A Black Woman's West: The Life of Rose B. Gordon by Michael K. Johnson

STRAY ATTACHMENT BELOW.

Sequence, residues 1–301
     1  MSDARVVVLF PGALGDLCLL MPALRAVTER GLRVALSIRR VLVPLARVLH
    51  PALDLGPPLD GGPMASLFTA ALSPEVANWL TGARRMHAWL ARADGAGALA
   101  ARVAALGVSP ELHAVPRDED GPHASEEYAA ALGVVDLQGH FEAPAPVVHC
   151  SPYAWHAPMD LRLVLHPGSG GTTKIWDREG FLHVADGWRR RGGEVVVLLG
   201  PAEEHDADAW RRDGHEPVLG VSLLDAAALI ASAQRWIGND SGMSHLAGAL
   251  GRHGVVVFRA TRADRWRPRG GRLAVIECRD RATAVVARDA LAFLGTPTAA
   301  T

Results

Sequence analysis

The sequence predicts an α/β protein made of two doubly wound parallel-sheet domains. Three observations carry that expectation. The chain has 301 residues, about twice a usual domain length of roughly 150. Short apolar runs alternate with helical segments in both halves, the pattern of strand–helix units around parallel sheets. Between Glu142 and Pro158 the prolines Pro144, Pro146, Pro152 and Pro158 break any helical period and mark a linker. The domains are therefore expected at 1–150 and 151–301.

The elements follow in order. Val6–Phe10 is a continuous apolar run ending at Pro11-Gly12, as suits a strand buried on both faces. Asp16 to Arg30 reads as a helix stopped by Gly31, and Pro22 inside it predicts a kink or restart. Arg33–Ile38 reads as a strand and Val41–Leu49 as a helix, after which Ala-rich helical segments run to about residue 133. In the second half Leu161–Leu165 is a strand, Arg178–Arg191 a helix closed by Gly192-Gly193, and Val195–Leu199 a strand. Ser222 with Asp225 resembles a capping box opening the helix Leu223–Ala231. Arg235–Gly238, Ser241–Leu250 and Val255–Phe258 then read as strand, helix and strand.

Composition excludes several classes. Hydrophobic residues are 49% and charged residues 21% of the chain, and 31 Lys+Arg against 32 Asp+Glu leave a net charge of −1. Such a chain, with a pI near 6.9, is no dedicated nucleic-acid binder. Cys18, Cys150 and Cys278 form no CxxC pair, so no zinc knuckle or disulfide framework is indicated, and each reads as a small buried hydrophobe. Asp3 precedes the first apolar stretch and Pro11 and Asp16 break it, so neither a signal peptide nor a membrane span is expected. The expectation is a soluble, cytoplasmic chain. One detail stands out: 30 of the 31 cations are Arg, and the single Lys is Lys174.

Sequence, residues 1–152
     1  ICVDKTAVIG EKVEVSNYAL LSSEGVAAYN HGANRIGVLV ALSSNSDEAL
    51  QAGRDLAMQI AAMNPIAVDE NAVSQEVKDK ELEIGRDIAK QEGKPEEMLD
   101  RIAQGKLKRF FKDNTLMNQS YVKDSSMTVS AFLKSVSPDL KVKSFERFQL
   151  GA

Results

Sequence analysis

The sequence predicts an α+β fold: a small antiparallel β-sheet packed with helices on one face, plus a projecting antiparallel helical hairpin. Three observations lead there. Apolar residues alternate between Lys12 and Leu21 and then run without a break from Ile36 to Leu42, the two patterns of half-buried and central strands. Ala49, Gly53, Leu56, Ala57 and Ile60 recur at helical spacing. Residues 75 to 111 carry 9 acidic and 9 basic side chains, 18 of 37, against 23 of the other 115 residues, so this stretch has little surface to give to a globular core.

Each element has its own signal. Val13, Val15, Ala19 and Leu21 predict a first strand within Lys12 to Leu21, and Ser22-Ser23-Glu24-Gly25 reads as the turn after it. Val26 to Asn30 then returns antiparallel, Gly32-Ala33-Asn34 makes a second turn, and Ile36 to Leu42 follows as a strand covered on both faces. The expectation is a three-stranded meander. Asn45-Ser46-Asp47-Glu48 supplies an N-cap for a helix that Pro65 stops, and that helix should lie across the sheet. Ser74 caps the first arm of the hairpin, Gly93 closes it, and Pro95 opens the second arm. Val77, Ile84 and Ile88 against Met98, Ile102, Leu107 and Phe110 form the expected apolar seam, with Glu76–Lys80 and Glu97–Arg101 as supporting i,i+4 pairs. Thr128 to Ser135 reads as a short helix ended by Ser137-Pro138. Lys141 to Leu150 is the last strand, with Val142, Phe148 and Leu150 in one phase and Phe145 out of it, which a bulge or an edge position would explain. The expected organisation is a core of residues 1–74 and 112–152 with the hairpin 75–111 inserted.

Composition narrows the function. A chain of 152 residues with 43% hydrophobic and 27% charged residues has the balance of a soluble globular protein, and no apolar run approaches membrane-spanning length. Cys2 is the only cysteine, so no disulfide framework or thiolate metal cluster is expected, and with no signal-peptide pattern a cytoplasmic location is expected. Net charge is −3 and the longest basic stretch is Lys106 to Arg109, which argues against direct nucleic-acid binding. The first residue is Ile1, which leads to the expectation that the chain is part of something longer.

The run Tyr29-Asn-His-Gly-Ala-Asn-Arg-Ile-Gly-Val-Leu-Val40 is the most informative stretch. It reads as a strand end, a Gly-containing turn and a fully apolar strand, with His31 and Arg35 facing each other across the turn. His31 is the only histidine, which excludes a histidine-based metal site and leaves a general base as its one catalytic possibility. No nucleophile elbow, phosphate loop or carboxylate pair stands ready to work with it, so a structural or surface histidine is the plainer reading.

Born in the Barker mining district of central Montana Territory, Rose Beatrice Gordon (1883-1968) was the daughter of an African American chef and an emancipated slave who migrated to the West in the early 1880s. This book tells the story of the Gordon family―John, Anna, Robert, Rose, John Francis Jr., George, and Taylor―and pays tribute to Rose, who lived most of her life in White Sulphur Springs. In her youth, Rose excelled academically and distinguished herself as a musical performer. As an adult, she established her economic independence as a restaurant owner, massage therapist, and caregiver. She also made a place for herself in the public sphere through letters to the editor and eventually through a regular newspaper column for the Meagher County News―a remarkable undertaking at a time when Black women in America were largely denied a public voice. As a Black woman in the West, Gordon’s life was ordinary in terms of its day-to-day struggles but extraordinary in its sum.